Quote Craiger wrote: View Post
Rudy still has his player option after next year so that should be considered. Given that, a 4 for 50 deal becomes, from Gay's perspective anyways, a 3 for 30 deal.

If he thinks he can get more than that come 2015 offseason (or in an extension from the Raps in the 2014 season) then he turns it down. I expect he would.

That said there is alot of value in guaranteed money, but I think Rudy is young enough that he won't be expecting a career ending injury or an injury that would kill a lucrative contract.

At the very least Rudy's player option gives him plenty of reason to take a risk and wait to see if he can get a better deal.

I do think thats alot closer to fair value for him as a player though.
I don't think he turns down the option. In fact the Raptors can't sign him to an extension should he opt out of the player option to anything starting less than the option year:

Veteran extensions:

Extensions to contracts that are not rookie scale contracts (i.e., veteran extensions) may be signed up to June 30, the day before the player would have become a free agent.

A contract that contains an Early Termination Option (ETO) cannot be extended if the ETO is exercised (ending the contract early). A contract with an option can be extended if the player opts-in. A contract with an option can also be extended if the player opts-out, as long as the extension adds at least two new seasons onto the contract (excluding any new option year) and the salary in the first year of the extension is not less than the salary in the non-exercised option year. See question number 57 for more information on options and ETOs.

A veteran extension can contain an option (player or team), but cannot contain an ETO.

If the player agrees to waive a portion of his trade bonus in order to facilitate a trade (see question number 97), his contract may not be extended for six months following the trade.

Veteran extensions are limited to four seasons, including the seasons remaining on the current contract. Even if the extension is signed in late June, the current season counts as one full season toward the total. For example, a contract with two seasons remaining may be extended for up to two additional seasons. However, an extension signed in conjunction with an Extend-and-Trade transaction (see question number 92) is limited to three seasons, including the seasons remaining on the current contract.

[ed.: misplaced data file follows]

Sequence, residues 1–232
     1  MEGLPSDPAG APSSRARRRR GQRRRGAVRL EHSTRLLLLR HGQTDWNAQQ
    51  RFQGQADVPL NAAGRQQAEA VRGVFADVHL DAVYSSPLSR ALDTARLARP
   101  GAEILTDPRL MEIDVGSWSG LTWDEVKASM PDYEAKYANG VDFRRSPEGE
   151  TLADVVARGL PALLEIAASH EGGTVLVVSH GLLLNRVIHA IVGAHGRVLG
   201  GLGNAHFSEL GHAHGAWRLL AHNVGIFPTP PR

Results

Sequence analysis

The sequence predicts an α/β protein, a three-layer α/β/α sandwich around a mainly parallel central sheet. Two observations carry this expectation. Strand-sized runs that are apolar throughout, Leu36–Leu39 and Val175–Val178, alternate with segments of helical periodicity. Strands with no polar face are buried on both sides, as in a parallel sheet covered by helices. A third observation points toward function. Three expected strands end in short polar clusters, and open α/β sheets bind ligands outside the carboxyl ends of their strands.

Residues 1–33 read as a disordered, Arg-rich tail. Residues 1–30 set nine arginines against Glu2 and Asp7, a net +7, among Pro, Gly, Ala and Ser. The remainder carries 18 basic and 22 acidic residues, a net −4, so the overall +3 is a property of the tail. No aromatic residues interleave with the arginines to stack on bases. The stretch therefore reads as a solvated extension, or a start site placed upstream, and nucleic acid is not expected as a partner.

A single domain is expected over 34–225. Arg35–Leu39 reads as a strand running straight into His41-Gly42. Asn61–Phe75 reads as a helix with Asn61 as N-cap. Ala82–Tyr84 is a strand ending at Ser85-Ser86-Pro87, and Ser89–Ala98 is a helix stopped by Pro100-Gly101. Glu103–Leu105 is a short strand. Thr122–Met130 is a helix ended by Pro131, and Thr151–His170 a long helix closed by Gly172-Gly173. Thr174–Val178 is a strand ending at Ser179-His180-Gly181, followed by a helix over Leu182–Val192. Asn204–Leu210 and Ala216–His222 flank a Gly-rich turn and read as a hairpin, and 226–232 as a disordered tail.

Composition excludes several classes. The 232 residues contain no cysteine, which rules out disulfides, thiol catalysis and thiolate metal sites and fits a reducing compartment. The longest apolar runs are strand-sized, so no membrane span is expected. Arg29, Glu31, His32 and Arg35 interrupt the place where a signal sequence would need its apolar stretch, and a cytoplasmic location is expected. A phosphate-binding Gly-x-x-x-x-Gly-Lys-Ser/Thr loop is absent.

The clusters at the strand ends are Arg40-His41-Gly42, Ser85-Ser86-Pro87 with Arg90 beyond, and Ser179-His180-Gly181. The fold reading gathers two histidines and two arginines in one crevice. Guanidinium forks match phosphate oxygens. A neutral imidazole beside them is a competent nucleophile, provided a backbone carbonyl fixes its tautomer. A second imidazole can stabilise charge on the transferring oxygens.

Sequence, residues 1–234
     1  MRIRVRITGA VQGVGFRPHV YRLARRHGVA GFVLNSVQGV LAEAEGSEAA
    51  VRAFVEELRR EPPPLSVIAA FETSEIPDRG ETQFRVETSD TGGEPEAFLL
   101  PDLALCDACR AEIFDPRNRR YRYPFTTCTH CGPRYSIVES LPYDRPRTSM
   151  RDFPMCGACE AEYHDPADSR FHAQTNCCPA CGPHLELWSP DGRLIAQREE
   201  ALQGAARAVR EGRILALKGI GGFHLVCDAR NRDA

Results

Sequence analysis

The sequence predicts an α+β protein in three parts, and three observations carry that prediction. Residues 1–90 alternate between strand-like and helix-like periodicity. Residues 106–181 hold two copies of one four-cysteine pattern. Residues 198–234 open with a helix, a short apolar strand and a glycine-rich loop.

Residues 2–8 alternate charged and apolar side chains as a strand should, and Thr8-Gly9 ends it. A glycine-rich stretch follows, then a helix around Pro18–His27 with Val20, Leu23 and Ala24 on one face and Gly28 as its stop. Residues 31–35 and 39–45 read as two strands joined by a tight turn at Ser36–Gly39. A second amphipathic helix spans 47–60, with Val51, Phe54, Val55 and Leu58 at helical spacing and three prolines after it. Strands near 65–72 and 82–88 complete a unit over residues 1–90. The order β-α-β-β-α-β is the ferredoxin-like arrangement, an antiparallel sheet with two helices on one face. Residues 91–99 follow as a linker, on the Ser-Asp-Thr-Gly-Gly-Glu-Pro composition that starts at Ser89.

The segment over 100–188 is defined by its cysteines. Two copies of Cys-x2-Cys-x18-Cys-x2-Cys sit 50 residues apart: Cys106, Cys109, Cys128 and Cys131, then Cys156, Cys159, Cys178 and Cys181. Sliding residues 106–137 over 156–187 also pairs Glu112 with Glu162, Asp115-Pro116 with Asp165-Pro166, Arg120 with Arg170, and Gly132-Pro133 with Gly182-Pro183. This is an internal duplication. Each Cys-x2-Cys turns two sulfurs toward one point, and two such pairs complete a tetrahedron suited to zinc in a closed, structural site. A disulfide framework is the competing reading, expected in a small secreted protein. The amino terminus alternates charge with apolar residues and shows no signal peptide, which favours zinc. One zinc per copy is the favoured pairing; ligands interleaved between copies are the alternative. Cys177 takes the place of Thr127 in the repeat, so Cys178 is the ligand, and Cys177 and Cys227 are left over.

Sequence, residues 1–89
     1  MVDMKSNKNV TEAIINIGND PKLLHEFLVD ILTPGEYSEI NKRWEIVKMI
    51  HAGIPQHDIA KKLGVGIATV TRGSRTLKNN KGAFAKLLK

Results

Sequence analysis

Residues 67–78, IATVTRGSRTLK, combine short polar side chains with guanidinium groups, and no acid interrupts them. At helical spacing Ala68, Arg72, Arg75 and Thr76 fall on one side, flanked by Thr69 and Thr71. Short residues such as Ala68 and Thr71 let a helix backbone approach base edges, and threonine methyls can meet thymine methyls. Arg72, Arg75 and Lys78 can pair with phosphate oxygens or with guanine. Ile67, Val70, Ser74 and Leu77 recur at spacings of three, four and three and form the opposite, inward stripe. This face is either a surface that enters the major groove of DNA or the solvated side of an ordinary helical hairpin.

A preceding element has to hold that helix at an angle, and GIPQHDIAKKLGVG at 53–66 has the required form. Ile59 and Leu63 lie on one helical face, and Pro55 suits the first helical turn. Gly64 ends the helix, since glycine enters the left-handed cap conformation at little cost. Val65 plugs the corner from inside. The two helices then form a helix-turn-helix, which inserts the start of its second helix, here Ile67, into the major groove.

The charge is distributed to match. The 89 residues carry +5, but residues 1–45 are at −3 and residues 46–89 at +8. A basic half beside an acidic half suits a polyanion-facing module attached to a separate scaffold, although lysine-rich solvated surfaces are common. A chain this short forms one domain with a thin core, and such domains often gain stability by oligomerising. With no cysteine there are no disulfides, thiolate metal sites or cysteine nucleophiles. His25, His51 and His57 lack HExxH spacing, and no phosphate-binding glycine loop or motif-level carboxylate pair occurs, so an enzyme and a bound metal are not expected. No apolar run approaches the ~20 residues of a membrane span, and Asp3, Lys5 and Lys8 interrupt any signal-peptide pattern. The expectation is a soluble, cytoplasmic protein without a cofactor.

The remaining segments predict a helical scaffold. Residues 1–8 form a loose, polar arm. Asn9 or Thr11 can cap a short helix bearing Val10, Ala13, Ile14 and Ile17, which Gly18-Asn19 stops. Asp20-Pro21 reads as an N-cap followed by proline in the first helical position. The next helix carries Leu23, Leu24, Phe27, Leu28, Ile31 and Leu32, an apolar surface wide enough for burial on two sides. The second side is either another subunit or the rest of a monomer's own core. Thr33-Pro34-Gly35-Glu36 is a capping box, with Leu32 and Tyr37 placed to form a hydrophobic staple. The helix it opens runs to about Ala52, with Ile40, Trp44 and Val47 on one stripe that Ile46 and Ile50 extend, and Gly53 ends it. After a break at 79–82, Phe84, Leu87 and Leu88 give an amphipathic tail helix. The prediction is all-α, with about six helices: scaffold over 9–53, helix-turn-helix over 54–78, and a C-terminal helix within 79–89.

The salary in the first year of a veteran extension may be any amount up to 107.5% of the player's previous salary4, but no more than the player's maximum salary in that season (i.e., the maximum salary the player can receive if he were to sign a new contract that year as a free agent -- see question numbers 16 and 17).

Since the maximum salaries for an upcoming season are not known at the time the extension is signed, it is possible that the extension will specify a salary that is greater than the maximum salary. If this happens, the salaries in the extension are amended downward once the maximum salaries are defined.

Raises in each year of a veteran extension are limited to 7.5% of the salary in the first year of the extension5. If the salary in the first year of the extension is amended downward, the salaries in all subsequent season are amended as well. If the contract being extended contained bonuses, then the extension must contain the same bonuses -- teams can increase or decrease the bonus amounts by up to 7.5%, but they can't leave them off.

The most Gay could be extended this summer is 2 seasons. The $17 and $19M from current deal would be guaranteed. Would he take 2 years and $26M guaranteed? Would he he risk missing that money 2 years out with an injury? Would he want to wait until his current contract ends to get 4 years at 28 versus taking a 2 year extension this summer and looking for his likely final big money contract at 30?